Kris Hardiman asks if the cloud is ready to serve media.

Whether the cloud is ready to serve media depends on what you use it for.

But the topic of readiness isn’t just about technology, it’s also about commercials. 

One of the main benefits of adopting the cloud is its supposed financial flexibility. But does this necessarily hold up? The question is ‘compared to what?’ 

The general comparison tends to be with traditional approaches, where the client has to make some form of commitment in terms of capex or volume to achieve certain discount levels. 

Theoretically this is where the cloud appears to be a commercial step forward, with many services in public clouds being offered on a pay as you go basis. 

That said, even the Amazon Web Services and Azures of this world still provide preferential pricing to those clients who make volume commitments.

Even so, while it’s commonplace for service providers to create the impression of utility via some form of financing, whether this is true utility is open to debate.

First blood to the cloud.

Whilst true utility or pay as you go is available amongst large public cloud providers, it’s not so typical for the traditional media application vendors who are entering the ‘as-a-service’ space. 

But that’s not to say there aren’t encouraging signs. 

In fact we’re working with a wide selection of cloud application vendors such as encoders, transcoders and so on that have very interesting offers.

What is often the case though, is that they’ll probably make smaller chunks of margin over a longer timeframe.

I think we’d all prefer to get as much of our cash as early as possible in any transaction, so this does present a dilemma for application providers. 

So on closer assessment, there is no clear victor here for now.

But assuming everything’s moving in a cloud-like direction, which most would agree it is, let’s imagine you’ve got access to a shiny, dynamically scalable, full utility based cloud solution for your particular need.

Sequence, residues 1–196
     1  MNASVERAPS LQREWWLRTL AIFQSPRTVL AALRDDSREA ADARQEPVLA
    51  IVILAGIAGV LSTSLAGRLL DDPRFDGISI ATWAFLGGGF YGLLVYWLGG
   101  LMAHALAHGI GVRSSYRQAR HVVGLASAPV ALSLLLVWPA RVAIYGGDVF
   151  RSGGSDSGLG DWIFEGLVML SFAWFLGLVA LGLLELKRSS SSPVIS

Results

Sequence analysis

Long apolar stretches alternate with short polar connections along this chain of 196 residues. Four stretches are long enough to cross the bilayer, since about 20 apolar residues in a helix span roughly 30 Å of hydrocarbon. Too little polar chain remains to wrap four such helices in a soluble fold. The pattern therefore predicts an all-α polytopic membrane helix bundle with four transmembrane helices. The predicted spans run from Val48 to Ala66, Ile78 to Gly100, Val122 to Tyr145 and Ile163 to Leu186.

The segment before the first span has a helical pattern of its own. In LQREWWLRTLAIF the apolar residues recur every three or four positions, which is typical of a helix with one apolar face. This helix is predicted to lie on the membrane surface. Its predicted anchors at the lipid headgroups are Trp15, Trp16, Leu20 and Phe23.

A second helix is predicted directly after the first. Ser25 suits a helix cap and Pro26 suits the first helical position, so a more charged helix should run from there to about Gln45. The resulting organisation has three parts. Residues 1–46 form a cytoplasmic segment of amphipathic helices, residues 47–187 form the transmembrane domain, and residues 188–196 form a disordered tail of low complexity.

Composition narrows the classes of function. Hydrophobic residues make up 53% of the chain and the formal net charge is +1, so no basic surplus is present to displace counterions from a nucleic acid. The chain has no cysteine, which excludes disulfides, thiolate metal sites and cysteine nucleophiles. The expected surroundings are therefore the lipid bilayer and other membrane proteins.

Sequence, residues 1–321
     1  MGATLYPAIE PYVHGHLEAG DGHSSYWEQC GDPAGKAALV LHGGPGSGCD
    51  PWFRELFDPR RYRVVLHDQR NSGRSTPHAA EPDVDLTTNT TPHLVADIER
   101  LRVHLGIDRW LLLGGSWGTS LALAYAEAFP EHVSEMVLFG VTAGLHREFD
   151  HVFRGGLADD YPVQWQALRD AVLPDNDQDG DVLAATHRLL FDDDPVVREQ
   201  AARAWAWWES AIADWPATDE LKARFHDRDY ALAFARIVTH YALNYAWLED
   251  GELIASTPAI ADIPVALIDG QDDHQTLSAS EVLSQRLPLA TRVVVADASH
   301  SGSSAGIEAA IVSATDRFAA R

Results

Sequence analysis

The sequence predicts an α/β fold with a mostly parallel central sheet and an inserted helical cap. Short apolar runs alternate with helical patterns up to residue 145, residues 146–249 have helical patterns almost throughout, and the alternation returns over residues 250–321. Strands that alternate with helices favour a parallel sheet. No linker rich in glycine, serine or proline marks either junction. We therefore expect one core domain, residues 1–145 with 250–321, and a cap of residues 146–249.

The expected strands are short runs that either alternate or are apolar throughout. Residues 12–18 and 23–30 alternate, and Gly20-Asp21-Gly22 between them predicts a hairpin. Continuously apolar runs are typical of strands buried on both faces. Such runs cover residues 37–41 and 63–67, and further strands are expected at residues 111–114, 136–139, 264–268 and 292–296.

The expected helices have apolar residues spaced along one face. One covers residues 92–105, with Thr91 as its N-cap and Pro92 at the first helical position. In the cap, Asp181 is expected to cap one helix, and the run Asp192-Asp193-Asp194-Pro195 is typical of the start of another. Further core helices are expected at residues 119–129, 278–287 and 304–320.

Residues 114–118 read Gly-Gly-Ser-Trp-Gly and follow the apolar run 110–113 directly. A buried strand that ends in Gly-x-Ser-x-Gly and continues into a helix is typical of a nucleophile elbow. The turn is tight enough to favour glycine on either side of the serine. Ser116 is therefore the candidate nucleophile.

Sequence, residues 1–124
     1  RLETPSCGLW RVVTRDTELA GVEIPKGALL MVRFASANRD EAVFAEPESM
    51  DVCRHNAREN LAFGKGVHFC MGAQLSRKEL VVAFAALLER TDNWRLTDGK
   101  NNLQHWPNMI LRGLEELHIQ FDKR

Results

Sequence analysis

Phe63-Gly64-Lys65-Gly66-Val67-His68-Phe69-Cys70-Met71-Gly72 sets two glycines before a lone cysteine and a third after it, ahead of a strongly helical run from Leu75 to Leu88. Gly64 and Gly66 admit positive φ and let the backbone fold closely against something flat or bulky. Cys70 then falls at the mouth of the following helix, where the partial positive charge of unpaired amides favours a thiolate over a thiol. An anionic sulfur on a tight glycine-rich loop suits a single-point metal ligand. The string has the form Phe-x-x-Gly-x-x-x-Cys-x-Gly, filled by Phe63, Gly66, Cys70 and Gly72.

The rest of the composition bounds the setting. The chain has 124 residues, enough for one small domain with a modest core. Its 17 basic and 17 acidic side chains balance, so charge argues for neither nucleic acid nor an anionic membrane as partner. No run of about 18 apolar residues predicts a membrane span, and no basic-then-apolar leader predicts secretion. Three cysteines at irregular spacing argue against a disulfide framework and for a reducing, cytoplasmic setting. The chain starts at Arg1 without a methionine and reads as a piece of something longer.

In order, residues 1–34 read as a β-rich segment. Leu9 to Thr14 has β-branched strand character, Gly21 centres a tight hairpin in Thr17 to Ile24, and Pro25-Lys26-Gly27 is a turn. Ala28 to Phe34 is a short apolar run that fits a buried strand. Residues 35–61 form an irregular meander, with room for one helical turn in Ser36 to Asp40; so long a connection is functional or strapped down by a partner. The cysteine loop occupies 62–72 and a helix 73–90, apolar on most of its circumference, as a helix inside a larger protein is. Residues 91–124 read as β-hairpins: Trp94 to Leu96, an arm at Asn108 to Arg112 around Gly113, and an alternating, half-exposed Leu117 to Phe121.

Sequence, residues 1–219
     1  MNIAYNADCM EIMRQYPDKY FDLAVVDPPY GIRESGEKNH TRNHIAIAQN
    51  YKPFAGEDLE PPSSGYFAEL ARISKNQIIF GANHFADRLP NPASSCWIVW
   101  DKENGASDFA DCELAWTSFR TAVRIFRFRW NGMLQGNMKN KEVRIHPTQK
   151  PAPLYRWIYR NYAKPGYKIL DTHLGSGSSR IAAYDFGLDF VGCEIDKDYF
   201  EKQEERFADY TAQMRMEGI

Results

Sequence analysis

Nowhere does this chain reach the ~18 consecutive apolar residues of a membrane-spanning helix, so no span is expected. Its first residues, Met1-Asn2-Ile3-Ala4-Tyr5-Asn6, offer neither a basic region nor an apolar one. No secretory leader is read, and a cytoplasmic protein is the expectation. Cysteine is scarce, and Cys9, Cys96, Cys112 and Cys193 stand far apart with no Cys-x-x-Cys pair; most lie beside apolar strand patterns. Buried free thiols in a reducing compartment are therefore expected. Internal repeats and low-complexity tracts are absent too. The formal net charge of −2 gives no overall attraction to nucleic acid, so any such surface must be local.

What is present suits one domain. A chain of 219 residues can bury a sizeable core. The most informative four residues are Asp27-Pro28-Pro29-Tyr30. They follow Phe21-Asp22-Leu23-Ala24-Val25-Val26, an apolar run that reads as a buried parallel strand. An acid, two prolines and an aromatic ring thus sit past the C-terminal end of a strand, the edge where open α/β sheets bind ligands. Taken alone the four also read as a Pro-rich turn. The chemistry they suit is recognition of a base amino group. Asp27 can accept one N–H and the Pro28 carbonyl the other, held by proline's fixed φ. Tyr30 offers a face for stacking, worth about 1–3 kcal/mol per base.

The question is, ‘is it cheaper than just buying the product upfront?’ 

If you’re simply dipping into something for a one-off task now and again, the cloud could be cheaper. 

If you’re consuming a utility based service for a period of years the total cost of ownership (TCO) will probably be greater if using a cloud based system. 

You also need to consider how you’re using your opex service, as public cloud price points vary greatly depending on things like volumes and speed of the service.

Generally, unfettered use of ‘as a service’ will typically reduce the timeline over which your TCO benefit exists for opex over capex – and in some cases, extremely quickly.

It’s hard to give a definitive answer as to whether the cloud is a) commercially ready or b) necessarily better value. 

But the reason to pursue opex isn’t just about a better TCO. 

It could be about your access to capital to make an investment. 

Ultimately, all of these things should be taken into the mix.

And if it is a path you choose to take, make sure you have a robust plan to control it.

Kris Hardiman is head of product management at Red Bee Media